The influence of exercise intensity on postexercise hypotension among middle-aged men with high normal to Stage I hypertension

Date of Completion

January 2002


Health Sciences, Public Health|Health Sciences, Recreation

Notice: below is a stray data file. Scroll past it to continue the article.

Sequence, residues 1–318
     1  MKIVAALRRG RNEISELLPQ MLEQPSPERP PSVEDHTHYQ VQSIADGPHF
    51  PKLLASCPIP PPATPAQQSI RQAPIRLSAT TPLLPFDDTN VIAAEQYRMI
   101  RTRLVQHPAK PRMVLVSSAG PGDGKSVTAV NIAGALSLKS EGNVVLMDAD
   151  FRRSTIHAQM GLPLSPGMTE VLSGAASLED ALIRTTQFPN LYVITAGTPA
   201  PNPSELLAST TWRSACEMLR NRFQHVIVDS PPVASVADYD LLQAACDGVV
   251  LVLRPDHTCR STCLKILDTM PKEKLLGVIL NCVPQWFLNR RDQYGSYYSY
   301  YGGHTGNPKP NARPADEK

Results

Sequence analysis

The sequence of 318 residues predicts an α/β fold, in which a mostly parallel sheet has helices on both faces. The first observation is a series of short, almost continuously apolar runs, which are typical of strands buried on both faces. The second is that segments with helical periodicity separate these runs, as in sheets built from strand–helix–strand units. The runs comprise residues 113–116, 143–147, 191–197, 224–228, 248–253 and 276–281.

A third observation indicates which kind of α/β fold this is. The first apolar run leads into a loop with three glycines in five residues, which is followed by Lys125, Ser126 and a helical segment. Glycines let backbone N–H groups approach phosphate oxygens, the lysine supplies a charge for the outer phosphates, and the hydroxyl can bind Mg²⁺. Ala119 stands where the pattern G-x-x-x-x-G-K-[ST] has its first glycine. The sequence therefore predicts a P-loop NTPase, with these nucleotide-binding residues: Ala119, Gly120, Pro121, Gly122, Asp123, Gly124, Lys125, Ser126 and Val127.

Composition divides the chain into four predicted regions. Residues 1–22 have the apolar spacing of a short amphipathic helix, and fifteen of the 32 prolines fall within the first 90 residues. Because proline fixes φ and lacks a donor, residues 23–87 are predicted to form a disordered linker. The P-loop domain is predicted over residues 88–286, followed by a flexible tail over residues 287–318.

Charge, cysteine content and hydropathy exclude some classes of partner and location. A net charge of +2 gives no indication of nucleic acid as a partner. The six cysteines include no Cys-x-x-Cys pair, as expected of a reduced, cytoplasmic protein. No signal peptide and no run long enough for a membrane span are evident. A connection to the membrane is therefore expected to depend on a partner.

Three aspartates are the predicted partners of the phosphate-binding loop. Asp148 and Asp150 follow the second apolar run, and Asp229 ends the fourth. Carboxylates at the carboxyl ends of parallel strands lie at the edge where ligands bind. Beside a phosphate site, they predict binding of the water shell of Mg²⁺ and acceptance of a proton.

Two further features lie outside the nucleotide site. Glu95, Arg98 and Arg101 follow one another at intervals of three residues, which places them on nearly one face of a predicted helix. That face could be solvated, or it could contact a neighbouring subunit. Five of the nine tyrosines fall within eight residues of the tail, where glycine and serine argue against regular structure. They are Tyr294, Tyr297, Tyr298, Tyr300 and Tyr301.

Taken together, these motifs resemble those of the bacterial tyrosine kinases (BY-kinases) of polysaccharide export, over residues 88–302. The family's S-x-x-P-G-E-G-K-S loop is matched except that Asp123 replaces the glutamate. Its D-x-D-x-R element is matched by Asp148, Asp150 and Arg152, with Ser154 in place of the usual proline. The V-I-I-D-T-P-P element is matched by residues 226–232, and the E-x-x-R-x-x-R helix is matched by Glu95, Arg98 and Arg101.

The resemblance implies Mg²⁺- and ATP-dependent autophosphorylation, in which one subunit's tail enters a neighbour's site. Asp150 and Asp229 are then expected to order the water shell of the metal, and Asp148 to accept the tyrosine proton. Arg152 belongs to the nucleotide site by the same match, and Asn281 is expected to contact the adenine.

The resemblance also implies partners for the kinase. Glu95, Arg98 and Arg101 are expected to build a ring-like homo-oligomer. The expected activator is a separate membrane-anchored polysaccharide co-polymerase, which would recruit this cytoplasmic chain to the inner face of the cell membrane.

This study investigated the influence of exercise intensity on the magnitude and duration of postexercise hypotension (PEH) in the laboratory and under ambulatory conditions in men with high blood pressure (BP). Subjects were 22 men (47.8 ± 0.9 yr.) with high normal to Stage I hypertension (139.7 ± 1.6/86.2 ± 1.2 mm Hg). Participants completed 30-min of cycling at 40% and 60% maximal oxygen consumption (VO2max) and quiet sitting in random order on three separate days. Following each condition, BP was measured for 1 hr in the laboratory and by ambulatory BP monitor until the next morning. RMANOVA compared the BP response between experimental conditions. In the laboratory, average systolic BP (SBP) was lower than baseline following 40% and 60% VO 2max, 4.7 ± 1.3 mm Hg from 128.9 ± 1.6 mm Hg and 7.1 ± 1.3 mm Hg from 129.2 ± 2.1 mm Hg (p = 0.001), respectively. Mean DBP was also reduced for 1 h after 40% and 60% VO2max, 1.7 ± 0.7 mm Hg from 86.9 ± 1.0 mm Hg and 2.0 ± 0.6 mm Hg from 87.5 ± 1.0 mm Hg (p = 0.02), respectively. SBP and DBP were unchanged by rest. The postexercise BP response in the laboratory was not influenced by exercise intensity. Upon leaving the laboratory, average daytime ambulatory SBP was higher than baseline after exercise and rest. However, the increase in SBP was less after 40% (3.0 ± 1.7 mm Hg) and 60% (0.9 ±1.6 mm Hg) VO2max than rest (6.8 ± 1.4 mm Hg) (p = 0.01). Mean daytime ambulatory DBP continued to decrease upon exiting the laboratory for 40% (1.1 ± 0.9 mm Hg) and 60% (1.4 ± 0.9 mm Hg) VO2max, but increased after rest (1.0 ± 0.9 mm Hg) (p = 0.03). The postexercise BP response under ambulatory conditions was not influenced by exercise intensity. In conclusion, PEH is greater in the laboratory than under ambulatory conditions and was not influenced by exercise intensity. Nonetheless, daytime ambulatory BP was lower following moderate intensity aerobic exercise, providing men with hypertension the benefit of having lower BP throughout the day. ^